In Vivo Profiling of a Pure Alkaloid, Anatabine, in Rodents: Pharmacokinetics and Anti-Inflammatory Efficacy


This article was originally published here

J Nat Prod. 2021 March 11th doi: 10.1021 / acs.jnatprod.0c01044. Online before printing.


Natural alkaloids, a large class of plant substances, have attracted a great deal of interest because of their pharmacological activities. This study characterized the in vivo pharmacokinetics and anti-inflammatory profile of anatabine, a naturally occurring alkaloid, in rodents. Anatabine was found to be bioavailable and brain penetrating after systemic administration. After intraperitoneal (ip) administration (1, 2 and 5 mg / kg), anatabine caused a dose-dependent reduction in carrageenan-induced paw edema in rats. In mice, it inhibited the production of pro-inflammatory cytokines and at the same time increased the levels of an anti-inflammatory cytokine in a dose-dependent manner 2 hours after exposure to lipopolysaccharide. In addition, anatabine (~ 10 and ~ 20 mg / kg / day for 4 weeks; inhalation exposure) had effects on a mouse model of multiple sclerosis, reducing neurological deficits and body weight loss. Comparative studies of the pharmacokinetics and anti-inflammatory activity of anatabine demonstrated its bioequivalence in rats after IP administration and inhalation exposure. This study not only provides the first detailed profile of the pharmacokinetics of anatabine in rodents, but also comprehensively characterizes the anti-inflammatory activities of anatabine in both acute and chronic models of inflammation. These results provide a basis for further characterizing and optimizing the anti-inflammatory properties of anatabine.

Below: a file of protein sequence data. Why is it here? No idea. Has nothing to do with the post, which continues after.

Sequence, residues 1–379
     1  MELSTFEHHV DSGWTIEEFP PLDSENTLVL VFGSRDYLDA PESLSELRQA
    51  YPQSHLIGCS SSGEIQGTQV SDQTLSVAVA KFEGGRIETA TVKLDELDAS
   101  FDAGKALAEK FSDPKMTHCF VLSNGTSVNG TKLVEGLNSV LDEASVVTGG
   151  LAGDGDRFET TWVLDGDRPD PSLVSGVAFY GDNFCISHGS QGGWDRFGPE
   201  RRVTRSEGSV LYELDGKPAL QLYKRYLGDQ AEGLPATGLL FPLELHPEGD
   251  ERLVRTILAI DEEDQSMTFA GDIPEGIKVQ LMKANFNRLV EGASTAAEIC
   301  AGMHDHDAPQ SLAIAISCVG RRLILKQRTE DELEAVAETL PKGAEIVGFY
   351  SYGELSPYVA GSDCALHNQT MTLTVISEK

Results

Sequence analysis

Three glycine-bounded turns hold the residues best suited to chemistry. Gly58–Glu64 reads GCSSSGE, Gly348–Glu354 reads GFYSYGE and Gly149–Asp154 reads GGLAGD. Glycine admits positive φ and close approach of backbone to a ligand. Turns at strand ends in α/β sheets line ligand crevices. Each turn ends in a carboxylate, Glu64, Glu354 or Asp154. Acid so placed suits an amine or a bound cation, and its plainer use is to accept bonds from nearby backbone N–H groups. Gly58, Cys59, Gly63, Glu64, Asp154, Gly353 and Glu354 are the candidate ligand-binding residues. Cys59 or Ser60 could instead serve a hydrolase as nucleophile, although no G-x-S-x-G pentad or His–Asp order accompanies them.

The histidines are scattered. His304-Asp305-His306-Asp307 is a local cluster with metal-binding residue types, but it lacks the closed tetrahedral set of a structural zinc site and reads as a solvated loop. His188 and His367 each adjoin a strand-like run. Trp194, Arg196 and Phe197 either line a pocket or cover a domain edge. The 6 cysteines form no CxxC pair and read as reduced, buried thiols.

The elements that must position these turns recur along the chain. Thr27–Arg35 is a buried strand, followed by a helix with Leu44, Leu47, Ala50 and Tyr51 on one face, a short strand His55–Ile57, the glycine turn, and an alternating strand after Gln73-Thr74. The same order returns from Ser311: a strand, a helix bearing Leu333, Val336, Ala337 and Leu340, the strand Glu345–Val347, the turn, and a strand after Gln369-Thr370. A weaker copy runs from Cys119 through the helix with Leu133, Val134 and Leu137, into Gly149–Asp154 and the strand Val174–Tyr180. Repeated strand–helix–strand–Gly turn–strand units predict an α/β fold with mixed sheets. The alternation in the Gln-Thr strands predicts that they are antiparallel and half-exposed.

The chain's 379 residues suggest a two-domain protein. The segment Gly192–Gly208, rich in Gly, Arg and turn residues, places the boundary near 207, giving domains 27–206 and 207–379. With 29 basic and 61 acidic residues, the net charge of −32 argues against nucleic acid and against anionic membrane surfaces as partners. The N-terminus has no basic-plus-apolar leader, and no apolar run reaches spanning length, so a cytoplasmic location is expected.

PMID: 33706515 | DOI: 10.1021 / acs.jnatprod.0c01044